Growing up in Bolton 

Graphic of annual report

A snapshot of what it’s like to grow up in Bolton features in this year’s Public Health annual report.

The document focuses on the importance of prioritising the health and wellbeing of the borough’s young people now, in order to improve their long term future.

With an increasing population, the council and its partners face a challenge in ensuring children have the best start in life. But they have made considerable steps towards making a difference and acknowledge that there is more work to be done to improve services further.

The report, written by former Director of Public Health Wendy Meredith, highlights the work the council has done to address the ‘school readiness’ of the town’s under five population by investing in early years provision.

She states that preparing children for when they start school begins at birth, and has a strong impact on future educational attainment and life chances.

By integrating services and working closely with parents, the council’s aim is to identify any potential issues with child development or health early on, thus preventing problems from developing further.

Another positive step that features in the report is the redesign and recent commissioning of a health service for children aged five to 19.

Previously, services like school nursing, adolescent health, oral health and children’s weight management were delivered as individual services. However, they have now been brought together as one service and the council has commissioned Bridgewater Community Healthcare NHS Foundation Trust to deliver this in the borough, with the aim of ensuring that children are assessed, supported and given extra help where necessary.

As part of research for the report, the council undertook a survey with more than 6,000 school children and the results will be used to help shape future services for young people.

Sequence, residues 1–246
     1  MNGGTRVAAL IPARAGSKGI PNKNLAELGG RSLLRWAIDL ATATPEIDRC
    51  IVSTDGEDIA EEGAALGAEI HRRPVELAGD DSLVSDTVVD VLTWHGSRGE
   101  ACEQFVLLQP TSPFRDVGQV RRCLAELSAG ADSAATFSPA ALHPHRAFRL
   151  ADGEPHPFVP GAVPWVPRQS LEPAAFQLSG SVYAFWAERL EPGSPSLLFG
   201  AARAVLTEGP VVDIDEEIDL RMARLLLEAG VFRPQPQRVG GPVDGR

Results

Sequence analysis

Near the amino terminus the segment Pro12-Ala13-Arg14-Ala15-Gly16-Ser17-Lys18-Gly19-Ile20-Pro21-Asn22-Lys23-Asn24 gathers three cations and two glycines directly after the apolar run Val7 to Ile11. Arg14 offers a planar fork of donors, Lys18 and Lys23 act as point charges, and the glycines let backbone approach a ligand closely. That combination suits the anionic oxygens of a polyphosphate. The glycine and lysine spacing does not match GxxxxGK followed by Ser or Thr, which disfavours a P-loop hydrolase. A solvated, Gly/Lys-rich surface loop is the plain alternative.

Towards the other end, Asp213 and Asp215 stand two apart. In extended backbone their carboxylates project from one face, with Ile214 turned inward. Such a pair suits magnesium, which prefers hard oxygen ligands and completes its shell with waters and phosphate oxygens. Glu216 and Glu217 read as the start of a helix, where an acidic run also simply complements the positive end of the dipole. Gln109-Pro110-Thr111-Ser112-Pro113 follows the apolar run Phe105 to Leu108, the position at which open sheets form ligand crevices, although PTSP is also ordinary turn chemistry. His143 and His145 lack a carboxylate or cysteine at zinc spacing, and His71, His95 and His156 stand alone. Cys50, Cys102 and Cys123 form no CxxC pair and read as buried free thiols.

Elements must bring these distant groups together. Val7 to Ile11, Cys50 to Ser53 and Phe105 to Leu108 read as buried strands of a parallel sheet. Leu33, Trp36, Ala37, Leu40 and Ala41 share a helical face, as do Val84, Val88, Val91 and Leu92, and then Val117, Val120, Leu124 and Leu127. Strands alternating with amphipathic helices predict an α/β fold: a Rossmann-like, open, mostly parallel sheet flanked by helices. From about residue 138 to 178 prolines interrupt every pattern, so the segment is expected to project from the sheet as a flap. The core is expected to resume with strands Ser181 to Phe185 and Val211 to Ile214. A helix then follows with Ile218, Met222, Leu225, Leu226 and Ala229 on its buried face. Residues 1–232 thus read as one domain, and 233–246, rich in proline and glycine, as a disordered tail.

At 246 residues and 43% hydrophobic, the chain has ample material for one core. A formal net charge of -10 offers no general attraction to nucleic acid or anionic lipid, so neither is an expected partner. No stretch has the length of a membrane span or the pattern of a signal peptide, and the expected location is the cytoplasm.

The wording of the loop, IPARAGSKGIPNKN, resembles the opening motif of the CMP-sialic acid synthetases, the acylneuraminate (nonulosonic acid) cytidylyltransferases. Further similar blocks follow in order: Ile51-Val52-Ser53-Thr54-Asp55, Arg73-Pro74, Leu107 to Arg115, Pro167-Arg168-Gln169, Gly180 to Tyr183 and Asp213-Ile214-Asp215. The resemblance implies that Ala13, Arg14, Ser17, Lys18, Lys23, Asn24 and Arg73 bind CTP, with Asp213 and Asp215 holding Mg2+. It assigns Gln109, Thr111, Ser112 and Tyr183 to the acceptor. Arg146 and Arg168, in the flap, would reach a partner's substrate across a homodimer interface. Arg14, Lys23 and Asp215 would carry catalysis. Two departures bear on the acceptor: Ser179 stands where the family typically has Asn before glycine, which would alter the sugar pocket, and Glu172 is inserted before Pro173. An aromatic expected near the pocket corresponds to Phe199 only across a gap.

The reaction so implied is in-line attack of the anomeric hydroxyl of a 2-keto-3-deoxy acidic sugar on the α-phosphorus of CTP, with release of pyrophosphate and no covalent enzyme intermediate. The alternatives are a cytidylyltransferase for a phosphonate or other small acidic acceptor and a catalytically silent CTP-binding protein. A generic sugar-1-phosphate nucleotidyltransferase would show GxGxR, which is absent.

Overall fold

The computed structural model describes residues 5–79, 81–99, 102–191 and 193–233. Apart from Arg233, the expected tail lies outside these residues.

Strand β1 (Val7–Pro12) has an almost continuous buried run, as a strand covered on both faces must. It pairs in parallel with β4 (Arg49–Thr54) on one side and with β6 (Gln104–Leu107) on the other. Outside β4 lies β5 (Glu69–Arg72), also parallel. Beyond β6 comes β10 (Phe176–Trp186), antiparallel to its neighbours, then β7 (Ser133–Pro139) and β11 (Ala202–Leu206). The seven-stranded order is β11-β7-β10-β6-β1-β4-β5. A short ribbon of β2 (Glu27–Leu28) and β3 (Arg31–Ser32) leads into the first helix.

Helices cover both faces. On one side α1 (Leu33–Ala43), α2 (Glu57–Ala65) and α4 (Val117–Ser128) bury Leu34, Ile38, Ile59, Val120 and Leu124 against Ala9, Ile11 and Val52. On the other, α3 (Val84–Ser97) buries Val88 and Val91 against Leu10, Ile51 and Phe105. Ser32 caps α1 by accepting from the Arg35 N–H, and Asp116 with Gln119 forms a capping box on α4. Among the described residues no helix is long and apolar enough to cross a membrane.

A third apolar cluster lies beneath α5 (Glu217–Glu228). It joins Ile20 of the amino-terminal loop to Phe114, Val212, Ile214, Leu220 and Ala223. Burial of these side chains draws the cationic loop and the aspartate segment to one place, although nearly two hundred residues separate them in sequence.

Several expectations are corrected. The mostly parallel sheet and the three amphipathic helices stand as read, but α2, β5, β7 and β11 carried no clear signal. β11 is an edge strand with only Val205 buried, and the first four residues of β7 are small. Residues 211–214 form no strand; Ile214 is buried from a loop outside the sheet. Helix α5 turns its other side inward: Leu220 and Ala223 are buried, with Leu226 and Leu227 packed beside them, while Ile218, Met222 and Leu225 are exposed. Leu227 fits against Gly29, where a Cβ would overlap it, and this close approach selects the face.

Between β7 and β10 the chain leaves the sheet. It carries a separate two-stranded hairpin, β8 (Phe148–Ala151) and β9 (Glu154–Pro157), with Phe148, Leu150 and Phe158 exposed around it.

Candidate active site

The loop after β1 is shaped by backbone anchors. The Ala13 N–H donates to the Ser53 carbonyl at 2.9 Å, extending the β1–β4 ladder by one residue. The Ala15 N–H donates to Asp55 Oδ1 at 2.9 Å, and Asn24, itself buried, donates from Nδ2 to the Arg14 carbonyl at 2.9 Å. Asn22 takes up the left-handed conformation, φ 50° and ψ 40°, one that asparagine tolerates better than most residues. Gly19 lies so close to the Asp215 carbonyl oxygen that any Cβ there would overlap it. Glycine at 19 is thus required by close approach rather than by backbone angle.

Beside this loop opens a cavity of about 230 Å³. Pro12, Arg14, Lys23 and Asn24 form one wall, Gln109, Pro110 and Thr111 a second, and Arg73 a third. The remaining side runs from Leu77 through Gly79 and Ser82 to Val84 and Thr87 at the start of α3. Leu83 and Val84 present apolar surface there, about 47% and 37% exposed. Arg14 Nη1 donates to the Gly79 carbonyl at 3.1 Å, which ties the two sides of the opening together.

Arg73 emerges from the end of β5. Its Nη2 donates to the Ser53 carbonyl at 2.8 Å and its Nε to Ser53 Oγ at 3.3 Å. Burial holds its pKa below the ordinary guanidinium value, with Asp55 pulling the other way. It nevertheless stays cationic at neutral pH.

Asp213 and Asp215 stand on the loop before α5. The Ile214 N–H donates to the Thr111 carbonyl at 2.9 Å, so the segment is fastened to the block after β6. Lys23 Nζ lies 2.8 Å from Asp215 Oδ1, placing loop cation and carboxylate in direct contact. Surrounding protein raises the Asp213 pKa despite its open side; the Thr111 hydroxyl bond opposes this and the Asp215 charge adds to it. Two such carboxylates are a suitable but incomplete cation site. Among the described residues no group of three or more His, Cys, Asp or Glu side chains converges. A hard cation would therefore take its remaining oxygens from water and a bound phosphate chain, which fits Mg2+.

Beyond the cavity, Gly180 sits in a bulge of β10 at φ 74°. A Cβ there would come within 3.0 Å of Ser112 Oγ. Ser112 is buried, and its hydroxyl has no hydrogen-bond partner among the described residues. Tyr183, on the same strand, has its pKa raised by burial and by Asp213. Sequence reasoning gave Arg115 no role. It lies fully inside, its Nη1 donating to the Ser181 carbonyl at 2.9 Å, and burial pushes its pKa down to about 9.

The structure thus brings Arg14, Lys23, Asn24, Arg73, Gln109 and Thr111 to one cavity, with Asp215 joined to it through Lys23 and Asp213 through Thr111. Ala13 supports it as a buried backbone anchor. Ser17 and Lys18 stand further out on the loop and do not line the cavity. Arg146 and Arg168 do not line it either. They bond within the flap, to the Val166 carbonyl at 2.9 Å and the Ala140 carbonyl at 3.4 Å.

Positively, 75 per cent of Year 8 girls said they intended to apply for university and 73 per cent of secondary pupils enjoyed physical activity ‘a lot’ or ‘quite a lot’. However, 28 per cent of secondary school students admitted to having medium to low self-esteem and 18 per cent of younger pupils said they’d received an online chat message that scared or upset them.

Deputy Leader of Bolton Council, Cllr Linda Thomas, said: “Since Public Health responsibilities transferred to the council we have been working hard to address the health needs of the borough’s population. Bolton has a particular set of challenges due to its location and demography and we have a large task ahead.

“However, we have made significant improvements in certain areas and have a long term strategy to help residents improve their health outcomes. Our population is increasing and people will live longer, so by putting things in place to help prevent ill-health at an early stage this will ultimately reduce demand on resources and services in the future.”

Bolton Council’s Director of Public Health, David Herne, added: “This year’s annual report was compiled by my predecessor, Wendy Meredith, who has now taken up a Greater Manchester Public Health role. I would like to thank her for her hard work in producing the report, which serves as a useful reference for public health professionals working in Bolton.

“There are almost 70,000 children and young people under the age of 18 currently living in Bolton, and by 2021 this figure will have risen considerably. This report highlights the need to invest in specific services with the aim of improving their future outcomes.”

The report was considered by Cllr Thomas at her Executive Cabinet meeting on December 14 and is available to view on the Bolton's Health Matters website.

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Karen Spibey
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